Sensory testing (or sensory profiling as it’s often referred to) involves the objective evaluation of food (and beverage) products based on the five senses. Rather than using members of the public, sensory food testing required trained panellists who evaluate products based on sensory factors such as smell and taste.
So what does sensory food testing involve, and why is it a critical element of successful product development?
As mentioned, food products are submitted to a panel of experts who each has above average acuity in detecting elements such as flavour profiles, scents, textures, and tactile features. Those observations are then collated and used to develop a sensory “profile” of the product. You can use this objective profile to compare and contrast with industry-leading products to understand where objective observers notice the key differences.
Together with consumer taste testing, you can use these data points to craft gold-standard products that are objectively better than the current market leader, both in the eyes of scientifically-trained panellists and members of the public. These findings will help sway buyers of major retailers that your new or revamped product is worth stocking.
Five primary senses make up the profile of a food product. They are as follows:
The gustatory sense is better known as the taste sense and works via taste receptors in the tongue. The sensory profilers will distinguish tastes and flavours such as sweet, sour, salty, and bitter.
The olfactory sense is better known as the sense of smell. Interestingly, the ability of this sense declines with age and is influenced by other factors such as gender and environment. That’s why we take extra care in selecting panellists appropriate to the specific task and product.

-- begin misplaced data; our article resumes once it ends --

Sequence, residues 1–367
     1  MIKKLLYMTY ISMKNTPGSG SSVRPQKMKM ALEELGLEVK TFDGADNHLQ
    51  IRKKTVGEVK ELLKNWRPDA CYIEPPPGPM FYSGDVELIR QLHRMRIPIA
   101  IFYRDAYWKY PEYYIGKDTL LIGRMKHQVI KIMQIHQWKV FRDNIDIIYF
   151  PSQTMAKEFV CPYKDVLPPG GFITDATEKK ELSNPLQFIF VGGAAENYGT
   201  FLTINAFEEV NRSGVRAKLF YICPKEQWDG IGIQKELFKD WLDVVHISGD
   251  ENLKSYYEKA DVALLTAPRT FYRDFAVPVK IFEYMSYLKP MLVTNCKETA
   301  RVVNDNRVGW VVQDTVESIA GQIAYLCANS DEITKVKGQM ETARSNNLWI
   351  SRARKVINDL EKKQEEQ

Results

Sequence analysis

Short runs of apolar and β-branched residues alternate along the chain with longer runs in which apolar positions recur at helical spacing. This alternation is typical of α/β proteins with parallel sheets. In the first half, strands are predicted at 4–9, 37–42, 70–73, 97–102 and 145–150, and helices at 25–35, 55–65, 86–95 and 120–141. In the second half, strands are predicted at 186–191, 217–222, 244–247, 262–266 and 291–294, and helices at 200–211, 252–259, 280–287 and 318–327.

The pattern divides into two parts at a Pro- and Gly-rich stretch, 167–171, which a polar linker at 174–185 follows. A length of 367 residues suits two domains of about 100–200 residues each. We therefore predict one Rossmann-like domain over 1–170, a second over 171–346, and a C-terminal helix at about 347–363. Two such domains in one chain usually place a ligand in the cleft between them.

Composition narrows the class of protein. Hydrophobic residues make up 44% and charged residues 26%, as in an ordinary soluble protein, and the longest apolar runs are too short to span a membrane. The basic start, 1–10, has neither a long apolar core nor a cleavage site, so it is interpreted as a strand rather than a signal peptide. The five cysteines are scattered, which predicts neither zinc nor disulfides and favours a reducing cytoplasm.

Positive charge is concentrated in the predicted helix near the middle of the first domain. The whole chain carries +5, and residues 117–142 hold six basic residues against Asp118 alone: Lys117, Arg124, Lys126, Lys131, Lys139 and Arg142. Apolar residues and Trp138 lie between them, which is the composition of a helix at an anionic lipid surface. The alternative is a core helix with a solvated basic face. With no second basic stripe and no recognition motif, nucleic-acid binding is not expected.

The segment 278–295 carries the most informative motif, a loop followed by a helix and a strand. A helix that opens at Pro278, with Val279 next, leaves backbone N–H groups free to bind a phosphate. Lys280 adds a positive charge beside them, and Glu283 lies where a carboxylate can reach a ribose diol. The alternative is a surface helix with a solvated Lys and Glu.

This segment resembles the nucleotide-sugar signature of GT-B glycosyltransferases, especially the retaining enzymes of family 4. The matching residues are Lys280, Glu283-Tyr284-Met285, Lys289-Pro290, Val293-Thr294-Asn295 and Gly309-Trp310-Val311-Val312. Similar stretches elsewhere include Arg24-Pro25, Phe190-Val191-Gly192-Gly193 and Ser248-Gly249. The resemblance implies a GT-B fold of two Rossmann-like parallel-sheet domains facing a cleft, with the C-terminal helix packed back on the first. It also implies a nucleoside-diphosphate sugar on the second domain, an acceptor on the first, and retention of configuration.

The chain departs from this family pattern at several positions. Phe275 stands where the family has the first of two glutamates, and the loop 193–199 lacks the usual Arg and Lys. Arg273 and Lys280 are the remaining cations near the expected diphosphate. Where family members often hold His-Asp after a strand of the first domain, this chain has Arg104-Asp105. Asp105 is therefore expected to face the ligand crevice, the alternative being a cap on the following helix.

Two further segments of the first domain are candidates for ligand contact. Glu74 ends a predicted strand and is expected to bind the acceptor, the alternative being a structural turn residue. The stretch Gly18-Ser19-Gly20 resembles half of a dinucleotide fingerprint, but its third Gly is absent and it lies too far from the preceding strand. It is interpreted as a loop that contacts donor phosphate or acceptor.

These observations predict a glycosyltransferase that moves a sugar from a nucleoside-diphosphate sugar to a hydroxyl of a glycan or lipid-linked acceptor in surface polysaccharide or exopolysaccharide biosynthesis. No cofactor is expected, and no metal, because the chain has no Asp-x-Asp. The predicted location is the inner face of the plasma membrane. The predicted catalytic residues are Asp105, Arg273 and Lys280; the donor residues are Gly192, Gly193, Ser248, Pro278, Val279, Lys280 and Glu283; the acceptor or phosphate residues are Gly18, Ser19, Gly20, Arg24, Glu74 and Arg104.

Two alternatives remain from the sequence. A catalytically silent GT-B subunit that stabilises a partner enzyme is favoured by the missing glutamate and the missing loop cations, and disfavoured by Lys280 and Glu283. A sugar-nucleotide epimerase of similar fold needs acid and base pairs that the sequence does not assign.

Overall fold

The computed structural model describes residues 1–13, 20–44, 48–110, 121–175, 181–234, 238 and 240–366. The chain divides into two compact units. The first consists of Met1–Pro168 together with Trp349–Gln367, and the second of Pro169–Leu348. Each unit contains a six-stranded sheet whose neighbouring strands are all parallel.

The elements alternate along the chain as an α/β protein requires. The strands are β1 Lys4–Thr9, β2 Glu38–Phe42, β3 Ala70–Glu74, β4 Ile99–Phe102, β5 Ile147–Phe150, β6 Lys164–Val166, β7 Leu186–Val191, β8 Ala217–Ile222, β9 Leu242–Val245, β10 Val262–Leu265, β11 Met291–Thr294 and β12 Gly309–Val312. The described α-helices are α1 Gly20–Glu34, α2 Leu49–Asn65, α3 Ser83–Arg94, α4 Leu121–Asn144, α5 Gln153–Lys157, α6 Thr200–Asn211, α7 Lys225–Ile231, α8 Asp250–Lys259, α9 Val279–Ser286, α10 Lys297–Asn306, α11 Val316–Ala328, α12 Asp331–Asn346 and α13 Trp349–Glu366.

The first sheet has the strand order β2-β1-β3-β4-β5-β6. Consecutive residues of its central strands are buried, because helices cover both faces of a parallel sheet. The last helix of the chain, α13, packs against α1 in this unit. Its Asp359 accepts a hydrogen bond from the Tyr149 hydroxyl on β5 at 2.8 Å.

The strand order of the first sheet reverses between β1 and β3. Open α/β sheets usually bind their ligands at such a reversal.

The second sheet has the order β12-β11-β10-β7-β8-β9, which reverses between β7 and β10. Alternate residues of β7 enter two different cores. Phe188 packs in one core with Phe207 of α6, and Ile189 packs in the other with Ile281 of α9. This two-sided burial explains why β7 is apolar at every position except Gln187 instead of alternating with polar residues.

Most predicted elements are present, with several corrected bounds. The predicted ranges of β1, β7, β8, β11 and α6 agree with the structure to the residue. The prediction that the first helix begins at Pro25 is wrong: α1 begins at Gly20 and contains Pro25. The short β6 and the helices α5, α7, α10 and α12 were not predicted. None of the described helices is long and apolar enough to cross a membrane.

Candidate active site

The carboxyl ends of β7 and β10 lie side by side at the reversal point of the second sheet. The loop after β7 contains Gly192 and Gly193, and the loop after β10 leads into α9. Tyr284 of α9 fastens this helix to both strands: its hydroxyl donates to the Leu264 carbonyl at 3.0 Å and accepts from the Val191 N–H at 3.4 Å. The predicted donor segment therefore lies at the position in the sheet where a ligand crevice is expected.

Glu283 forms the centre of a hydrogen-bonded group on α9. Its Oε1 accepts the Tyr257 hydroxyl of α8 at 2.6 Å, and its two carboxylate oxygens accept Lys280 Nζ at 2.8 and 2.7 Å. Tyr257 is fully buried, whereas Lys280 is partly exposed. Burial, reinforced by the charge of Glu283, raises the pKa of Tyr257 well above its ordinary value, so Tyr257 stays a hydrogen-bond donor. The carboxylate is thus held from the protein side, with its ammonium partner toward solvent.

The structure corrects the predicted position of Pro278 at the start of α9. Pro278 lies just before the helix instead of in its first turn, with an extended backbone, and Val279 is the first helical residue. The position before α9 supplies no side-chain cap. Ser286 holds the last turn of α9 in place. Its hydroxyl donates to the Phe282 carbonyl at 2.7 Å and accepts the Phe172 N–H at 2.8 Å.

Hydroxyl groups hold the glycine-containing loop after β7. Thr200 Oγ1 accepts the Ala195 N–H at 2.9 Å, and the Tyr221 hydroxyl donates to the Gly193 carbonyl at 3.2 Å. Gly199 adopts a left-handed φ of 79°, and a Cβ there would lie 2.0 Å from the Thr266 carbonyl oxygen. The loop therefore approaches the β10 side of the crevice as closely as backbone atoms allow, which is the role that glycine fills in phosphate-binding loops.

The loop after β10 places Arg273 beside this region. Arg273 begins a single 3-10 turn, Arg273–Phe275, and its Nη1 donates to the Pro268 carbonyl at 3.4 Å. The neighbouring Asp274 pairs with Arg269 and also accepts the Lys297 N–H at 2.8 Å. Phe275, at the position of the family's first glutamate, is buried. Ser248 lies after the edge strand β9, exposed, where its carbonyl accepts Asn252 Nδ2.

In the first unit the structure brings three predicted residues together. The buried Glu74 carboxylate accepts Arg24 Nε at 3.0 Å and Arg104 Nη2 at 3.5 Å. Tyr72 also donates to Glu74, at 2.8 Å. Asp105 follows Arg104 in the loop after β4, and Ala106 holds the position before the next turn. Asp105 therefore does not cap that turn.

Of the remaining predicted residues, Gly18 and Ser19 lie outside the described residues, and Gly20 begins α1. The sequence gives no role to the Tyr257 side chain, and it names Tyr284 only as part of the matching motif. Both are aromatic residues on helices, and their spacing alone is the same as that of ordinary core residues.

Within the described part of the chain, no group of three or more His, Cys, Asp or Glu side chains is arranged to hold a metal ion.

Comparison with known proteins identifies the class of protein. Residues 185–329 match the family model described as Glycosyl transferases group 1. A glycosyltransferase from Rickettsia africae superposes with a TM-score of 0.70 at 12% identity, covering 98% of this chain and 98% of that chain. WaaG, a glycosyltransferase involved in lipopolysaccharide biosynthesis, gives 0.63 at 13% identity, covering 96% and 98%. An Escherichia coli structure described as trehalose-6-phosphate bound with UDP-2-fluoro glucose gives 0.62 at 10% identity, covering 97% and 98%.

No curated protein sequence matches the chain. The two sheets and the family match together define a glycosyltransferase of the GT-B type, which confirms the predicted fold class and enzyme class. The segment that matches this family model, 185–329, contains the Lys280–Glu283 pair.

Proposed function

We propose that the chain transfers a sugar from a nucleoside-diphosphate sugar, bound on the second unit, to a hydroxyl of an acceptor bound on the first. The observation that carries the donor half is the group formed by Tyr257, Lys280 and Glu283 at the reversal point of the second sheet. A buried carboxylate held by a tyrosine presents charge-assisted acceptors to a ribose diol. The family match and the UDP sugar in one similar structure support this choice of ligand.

How food products are perceived visually plays an essential role in customer acceptance and, therefore, this sense is a vital element of the evaluation process. We require panellists with an exceptionally high degree of visual acuity to identify very subtle differences between a range of products’ shape, size, and structure.
The auditory sense is not as critical as the other senses in the development of food products. However, sound plays a vital role in the acceptance of related features such as the packaging of a food product.
How a product feels via our skin receptors is vital to the food development process. The characteristic properties of texture, consistency, and temperature can be picked up via this sense and essential to both the product itself and the packaging.
In short, a sensory evaluation of a product provides research and development teams with scientific, objective information regarding the sensory properties of a specific product.
At WSS, we have over three decades of experience in helping leading international and domestic brands carry out scientific and consumer research. Our sensory testing capabilities are second to none, will highly-skilled panellists able to detect even the subtlest changes to a product’s sensory profile.
Our track record speaks for itself, and you can trust our high-quality research to provide the information your brand needs to improve existing products and launch exciting new lines.